Thermodynamic evaluation of the binding of bisphosphonates to human farnesyl pyrophosphate synthase

Chem Pharm Bull (Tokyo). 2014;62(1):77-83. doi: 10.1248/cpb.c13-00710. Epub 2013 Oct 29.


Bisphosphonates (BPs) are the drug of choice for treating bone diseases such as osteoporosis, Paget's disease, and metastatic bone disease. BPs with nitrogen-containing side chains (N-BPs) are known to act as inhibitors for farnesyl pyrophosphate synthase (FPPS), a key enzyme in the mevalonate pathway. In this study, we evaluated the effect of different side chains on the binding affinity of BPs to human FPPS using calorimetric techniques. Differential scanning calorimetry (DSC) was used to determine the thermal unfolding of FPPS in the presence of BPs. The addition of a series of clinically available BPs increased the structural stability of human FPPS by preferential binding, as indicated by an increase in the FPPS unfolding temperature. The magnitude of the increase was correlated with in vivo antiresorptive efficacy, suggesting that the stabilization of FPPS underlies the inhibitory effect of the BPs. Isothermal titration calorimetry (ITC) experiments were performed to evaluate the binding thermodynamics of BPs against human FPPS. Analysis of the binding energetics revealed that over 30 years of optimization practiced by different pharmaceutical companies has enhanced the enthalpic contribution as well as binding affinity of BPs. The larger enthalpic contribution observed for newer, more potent BPs derives from both improved hydrogen bonding interactions and shape complementarity based on comparisons of our results with available structure information.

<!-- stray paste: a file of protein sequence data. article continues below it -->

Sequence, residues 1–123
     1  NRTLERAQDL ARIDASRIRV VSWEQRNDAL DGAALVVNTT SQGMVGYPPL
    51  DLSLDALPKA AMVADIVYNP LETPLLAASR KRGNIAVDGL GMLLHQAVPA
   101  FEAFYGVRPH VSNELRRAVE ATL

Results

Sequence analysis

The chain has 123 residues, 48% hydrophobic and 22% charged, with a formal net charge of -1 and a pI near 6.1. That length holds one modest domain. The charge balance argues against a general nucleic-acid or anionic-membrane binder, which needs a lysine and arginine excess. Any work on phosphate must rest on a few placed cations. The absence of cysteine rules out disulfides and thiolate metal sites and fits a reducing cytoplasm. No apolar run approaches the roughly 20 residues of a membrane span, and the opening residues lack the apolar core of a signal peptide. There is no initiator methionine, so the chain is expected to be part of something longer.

MeSH terms

  • Diphosphonates / chemistry*
  • Diphosphonates / metabolism*
  • Humans
  • Hydrogen Bonding
  • Polyisoprenyl Phosphates / chemistry*
  • Polyisoprenyl Phosphates / metabolism*
  • Protein Binding
  • Sesquiterpenes / chemistry*
  • Sesquiterpenes / metabolism*
  • Temperature
  • Thermodynamics


  • Diphosphonates
  • Polyisoprenyl Phosphates
  • Sesquiterpenes
  • farnesyl pyrophosphate